In the 1970s, the concepts of national sovereignty over marine resources off the shores of coastal countries began to emerge. FAO assumed a key role in helping member nations to develop priorities and build up capacities to assess, allocate, exploit, and manage fisheries resources through a comprehensive Programme of Assistance in the Development and Management of Fisheries in Exclusive Economic Zones.
To respond to the demands arising from this situation, FAO convened a World Conference on Fisheries and Development in 1984. The conference was the largest of its sort ever assembled, bringing together representatives of nearly 150 countries and over 60 international organizations to confront the fundamental problems and potential of world fisheries as a vital source of food, employment, and income. Principles and guidelines for fisheries management were endorsed by the conference to cover the contribution of fisheries to national economic, social, and nutritional goals; improved national self-reliance in fisheries management and development; national management and optimum use of fish resources; the special role and needs of small-scale fisheries; international trade in fish and fishery products; investment in fisheries; and international cooperation in fisheries management and development.
FAO's fisheries policy is based on the five programs of action endorsed by the conference: fisheries planning, management, and development; small-scale fisheries; aquaculture; international trade in fish and fishery products; and the use of fish in alleviating undernutrition.
To aid in fisheries management, FAO collects statistics, monitors fishing trends in the world fishing fleet, collects biological information on resources, and assists member countries in the areas of fishery analysis, research, and management.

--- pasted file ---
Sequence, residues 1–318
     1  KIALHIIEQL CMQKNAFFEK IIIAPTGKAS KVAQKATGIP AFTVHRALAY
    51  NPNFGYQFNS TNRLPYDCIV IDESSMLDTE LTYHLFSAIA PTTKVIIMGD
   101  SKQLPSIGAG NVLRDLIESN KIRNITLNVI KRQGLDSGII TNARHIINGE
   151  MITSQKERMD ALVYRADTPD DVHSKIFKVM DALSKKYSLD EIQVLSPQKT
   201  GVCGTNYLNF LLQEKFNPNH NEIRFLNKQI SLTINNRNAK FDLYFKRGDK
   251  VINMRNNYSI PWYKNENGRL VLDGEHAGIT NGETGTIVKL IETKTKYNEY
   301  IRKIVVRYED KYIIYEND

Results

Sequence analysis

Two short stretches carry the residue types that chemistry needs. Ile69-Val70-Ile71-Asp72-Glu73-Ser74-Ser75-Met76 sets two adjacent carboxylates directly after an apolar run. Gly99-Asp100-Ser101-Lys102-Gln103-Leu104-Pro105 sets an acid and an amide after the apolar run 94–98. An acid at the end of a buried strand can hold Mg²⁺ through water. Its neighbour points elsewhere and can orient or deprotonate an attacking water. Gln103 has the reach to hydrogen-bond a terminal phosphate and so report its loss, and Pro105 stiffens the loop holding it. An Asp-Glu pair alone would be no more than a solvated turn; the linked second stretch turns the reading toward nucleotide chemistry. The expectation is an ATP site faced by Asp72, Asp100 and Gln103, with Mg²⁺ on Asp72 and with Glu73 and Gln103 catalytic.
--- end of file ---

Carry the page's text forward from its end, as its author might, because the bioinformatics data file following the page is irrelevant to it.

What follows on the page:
A network of regional fishery bodies established under the auspices of FAO provides an important framework for coordinating fisheries development and management. The first of these regional fishery bodies, the Indo-Pacific Fisheries Commission (IPFC), and now called the Asia-Pacific Fishery Commission (ASFC), was established in 1948. There are now nine regional bodies as well as three other FAO and UN bodies—the Advisory Committee on Fisheries Research (ACFR), Coordinating Working Party on Fishery Statistics (CWP), Group of Experts on the Scientific Aspects of Marine Environmental Protection (GESAMP) and the joint commission (with IMO, UNESCO, WMO, WHO, IAEA, and UNEP). Within the FAO framework, these commissions work to facilitate and secure the long-term sustainable development and utilization of the world's fisheries and aquaculture. As part of this effort, the FAO publishes the State of World Fisheries and Aquaculture, the only worldwide watch on fishery resources; runs the Species Identification and Data Programme; and maintains FishBase, a global information system on fishes (which can be accessed at www.fishbase.org ). The FAO fisheries departments has also been instrumental in assisting developing nations in mapping their Exclusive Economic Zones (EEZs) in order to better manage their coastlines and resolve disputes.
National fish inspection and quality assurance programs have been upgraded in several countries. This is an area of some urgency because of more stringent health and sanitary requirements imposed in recent years by major importing countries, such as the United States and Japan.
In March 1999, during an international conference held by the FAO in Rome, representatives of some 120 countries expressed their growing concern about "over-fishing of the world's major marine fishery resources, destructive and wasteful fishing practices, and excess capacity." There are too many vessels or vessels with too much harvesting power in a growing number of fisheries. This leads to fewer fish in the sea for reproduction. In response, the FAO developed the Plan of Action on Fishing Capacity to achieve "an efficient, equitable and transparent management of fishing capacity." The FAO urged states to limit existing levels of fishing and progressively reduce fishing capacity. Between 2003 and 2005 each country supporting the international Plan of Action is to develop a national plan to manage fishing capacity and, if necessary, reduce it. According to the UN agency, only 6% of all major marine fisheries are under-exploited, 20% moderately exploited, 50% fully exploited, 15% over-fished, 6% depleted, and 2% recovering.